Manufacturing growth in the UK has come “close to stalling” due to disruption caused by both Covid-19 and the introduction of new trade rules following the end of the transition period, new data has found.
The IHS Markit/CIPS purchasing managers’ index (PMI) for January was 54.1, down from 57.5 in December indicating a slowing of momentum.
However, any score above 50 suggests growth in manufacturing output.
Rob Dobson, director at IHS Markit, said that while many countries were seeing manufacturers supporting economic growth, the UK’s sector had almost stopped.
“A mixture of harsher Covid-19 restrictions and Brexit led to near-record supply-chain disruptions, lower exports and increased costs. The impact was felt most by consumer goods producers, who reported steep falls in output and new orders,” he said.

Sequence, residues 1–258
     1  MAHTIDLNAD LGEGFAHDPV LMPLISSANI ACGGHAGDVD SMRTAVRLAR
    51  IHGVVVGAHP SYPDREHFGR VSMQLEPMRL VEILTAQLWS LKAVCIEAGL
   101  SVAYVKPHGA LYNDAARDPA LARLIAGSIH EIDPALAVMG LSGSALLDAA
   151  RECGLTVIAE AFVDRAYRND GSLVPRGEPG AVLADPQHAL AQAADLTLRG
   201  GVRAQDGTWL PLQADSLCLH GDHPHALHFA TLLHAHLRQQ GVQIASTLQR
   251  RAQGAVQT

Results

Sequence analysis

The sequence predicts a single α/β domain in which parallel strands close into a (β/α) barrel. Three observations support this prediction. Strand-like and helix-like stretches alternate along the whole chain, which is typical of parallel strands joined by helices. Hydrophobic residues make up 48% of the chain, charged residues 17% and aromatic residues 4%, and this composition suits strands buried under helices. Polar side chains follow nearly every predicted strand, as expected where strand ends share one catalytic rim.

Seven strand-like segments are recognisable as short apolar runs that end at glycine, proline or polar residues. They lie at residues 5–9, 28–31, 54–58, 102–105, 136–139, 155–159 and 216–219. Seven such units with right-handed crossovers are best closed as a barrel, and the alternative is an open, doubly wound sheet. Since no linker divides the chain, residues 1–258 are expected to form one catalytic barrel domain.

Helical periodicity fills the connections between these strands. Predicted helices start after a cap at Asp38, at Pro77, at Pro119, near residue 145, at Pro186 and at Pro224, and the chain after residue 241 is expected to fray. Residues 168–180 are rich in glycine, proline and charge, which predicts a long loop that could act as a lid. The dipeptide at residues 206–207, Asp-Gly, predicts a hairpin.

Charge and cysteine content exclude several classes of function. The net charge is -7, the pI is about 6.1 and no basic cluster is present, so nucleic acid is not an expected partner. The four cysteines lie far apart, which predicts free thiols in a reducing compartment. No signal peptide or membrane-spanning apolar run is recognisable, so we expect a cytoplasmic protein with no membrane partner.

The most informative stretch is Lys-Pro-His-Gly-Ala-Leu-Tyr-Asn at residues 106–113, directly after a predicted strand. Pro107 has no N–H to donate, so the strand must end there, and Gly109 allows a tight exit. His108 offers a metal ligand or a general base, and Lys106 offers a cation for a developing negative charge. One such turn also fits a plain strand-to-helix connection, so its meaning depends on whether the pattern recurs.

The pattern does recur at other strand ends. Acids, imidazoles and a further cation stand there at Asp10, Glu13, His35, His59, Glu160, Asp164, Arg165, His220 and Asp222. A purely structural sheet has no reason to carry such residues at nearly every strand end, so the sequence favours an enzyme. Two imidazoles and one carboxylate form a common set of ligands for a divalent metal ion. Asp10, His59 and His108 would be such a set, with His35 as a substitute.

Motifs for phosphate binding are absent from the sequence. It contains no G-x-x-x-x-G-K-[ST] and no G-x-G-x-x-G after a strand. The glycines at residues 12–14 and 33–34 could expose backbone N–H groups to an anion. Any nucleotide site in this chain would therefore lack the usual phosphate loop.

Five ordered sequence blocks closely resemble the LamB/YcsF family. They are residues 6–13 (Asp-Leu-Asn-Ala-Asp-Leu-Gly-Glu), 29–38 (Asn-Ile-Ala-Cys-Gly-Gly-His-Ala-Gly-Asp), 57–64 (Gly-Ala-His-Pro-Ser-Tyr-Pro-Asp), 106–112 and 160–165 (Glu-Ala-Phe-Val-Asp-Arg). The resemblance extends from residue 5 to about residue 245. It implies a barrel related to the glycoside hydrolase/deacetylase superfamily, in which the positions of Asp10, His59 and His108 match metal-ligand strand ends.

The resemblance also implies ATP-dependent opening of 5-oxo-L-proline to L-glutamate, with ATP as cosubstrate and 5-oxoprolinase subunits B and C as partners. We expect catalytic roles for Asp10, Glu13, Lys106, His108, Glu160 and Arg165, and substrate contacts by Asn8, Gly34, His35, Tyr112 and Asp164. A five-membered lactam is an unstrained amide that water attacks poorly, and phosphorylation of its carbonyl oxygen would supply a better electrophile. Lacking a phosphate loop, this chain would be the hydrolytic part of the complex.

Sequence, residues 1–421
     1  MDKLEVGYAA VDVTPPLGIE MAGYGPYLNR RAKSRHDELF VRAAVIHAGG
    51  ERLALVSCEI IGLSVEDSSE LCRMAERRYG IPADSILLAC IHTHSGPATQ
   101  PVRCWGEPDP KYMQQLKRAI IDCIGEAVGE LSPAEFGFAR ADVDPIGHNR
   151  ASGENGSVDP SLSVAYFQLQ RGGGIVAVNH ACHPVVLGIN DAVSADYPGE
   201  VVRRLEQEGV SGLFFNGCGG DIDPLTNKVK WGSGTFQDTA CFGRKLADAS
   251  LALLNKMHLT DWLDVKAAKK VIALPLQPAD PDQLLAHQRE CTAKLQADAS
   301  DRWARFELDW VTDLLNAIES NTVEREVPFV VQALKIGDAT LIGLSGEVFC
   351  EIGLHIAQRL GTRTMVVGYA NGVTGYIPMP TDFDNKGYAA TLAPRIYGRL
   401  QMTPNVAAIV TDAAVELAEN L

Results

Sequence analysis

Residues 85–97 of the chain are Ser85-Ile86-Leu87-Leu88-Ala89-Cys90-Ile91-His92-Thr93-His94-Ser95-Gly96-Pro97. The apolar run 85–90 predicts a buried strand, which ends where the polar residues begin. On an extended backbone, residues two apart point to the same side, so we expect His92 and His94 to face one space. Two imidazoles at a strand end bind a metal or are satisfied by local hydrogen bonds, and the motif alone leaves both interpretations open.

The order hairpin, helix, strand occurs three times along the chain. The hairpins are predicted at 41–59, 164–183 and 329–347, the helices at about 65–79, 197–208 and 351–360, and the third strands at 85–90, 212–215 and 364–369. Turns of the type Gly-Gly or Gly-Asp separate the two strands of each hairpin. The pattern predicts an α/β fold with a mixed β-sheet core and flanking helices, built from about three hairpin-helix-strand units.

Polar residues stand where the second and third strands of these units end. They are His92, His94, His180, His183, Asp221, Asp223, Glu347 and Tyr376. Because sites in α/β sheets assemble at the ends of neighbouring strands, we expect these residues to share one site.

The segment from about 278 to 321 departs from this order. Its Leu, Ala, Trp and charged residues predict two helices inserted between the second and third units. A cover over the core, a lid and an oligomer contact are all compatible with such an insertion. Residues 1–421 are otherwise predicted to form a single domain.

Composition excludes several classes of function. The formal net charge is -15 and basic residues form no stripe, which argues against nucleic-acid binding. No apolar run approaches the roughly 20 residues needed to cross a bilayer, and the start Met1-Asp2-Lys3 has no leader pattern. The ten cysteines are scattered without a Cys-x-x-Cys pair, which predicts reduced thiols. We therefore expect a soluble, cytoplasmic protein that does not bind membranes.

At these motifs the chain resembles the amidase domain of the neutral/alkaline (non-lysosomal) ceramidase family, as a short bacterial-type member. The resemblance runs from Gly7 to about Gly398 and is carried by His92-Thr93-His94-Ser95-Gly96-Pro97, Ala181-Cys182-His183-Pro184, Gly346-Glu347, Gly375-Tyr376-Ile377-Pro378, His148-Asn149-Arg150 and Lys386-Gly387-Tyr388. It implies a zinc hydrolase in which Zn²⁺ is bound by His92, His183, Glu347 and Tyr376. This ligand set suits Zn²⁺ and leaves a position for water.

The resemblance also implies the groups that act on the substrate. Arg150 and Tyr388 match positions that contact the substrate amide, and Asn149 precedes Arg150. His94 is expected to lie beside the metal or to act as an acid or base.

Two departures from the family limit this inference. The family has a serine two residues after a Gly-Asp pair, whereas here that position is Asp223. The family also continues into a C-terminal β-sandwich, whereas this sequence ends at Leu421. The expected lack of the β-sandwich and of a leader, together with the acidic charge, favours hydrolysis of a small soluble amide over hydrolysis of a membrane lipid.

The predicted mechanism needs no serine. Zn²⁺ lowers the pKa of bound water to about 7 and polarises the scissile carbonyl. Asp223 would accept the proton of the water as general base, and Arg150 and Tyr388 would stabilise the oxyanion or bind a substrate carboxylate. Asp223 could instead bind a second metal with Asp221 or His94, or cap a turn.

According to the FT, January’s PMI was actually higher than predicted but supplier waiting times have extended to their longest levels in 30 years, largely as a result of new rules and restrictions following the end of the transition period.
The majority of the UK’s manufacturers (61%) are “enduring supply chain disruption” as a result of the new rules, a survey by manufacturer trade association Make UK, reported in Lloyd’s Loading List, has found.
Make UK has called on the government to work with the EU to fix border delays “as a matter of urgency”, including a suggestion to fast-track the training of customs agents.